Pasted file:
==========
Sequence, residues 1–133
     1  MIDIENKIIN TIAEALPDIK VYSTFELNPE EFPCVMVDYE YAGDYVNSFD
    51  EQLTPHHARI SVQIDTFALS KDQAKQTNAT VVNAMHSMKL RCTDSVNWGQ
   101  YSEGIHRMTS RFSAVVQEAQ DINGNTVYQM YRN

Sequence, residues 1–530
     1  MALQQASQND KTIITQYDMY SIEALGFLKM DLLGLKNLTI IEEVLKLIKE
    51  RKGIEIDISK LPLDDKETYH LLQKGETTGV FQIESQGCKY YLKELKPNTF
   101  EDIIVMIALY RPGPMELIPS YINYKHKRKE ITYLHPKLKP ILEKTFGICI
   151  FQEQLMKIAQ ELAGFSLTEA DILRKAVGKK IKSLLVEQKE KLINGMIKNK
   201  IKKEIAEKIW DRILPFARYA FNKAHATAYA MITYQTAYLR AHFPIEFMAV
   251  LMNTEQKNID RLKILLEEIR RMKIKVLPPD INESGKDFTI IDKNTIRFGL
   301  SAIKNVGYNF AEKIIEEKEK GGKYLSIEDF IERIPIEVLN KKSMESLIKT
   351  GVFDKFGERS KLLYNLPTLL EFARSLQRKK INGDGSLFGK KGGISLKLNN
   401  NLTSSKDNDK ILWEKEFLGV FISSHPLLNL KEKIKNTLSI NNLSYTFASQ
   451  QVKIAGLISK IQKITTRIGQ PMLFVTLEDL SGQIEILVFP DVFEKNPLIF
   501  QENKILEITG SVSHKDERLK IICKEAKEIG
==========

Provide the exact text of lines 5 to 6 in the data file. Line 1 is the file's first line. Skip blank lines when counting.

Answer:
Sequence, residues 1–530
     1  MALQQASQND KTIITQYDMY SIEALGFLKM DLLGLKNLTI IEEVLKLIKE